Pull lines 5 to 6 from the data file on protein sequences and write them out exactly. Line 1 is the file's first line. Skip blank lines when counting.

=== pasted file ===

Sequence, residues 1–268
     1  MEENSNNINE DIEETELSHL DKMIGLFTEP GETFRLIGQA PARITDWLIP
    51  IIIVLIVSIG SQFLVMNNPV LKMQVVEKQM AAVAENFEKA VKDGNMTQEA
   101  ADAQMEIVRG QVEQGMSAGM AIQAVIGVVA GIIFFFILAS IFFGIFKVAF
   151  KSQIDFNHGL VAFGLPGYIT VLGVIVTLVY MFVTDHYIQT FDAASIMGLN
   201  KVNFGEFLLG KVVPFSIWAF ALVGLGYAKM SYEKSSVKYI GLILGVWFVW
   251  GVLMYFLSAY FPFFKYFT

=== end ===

   151  KSQIDFNHGL VAFGLPGYIT VLGVIVTLVY MFVTDHYIQT FDAASIMGLN
   201  KVNFGEFLLG KVVPFSIWAF ALVGLGYAKM SYEKSSVKYI GLILGVWFVW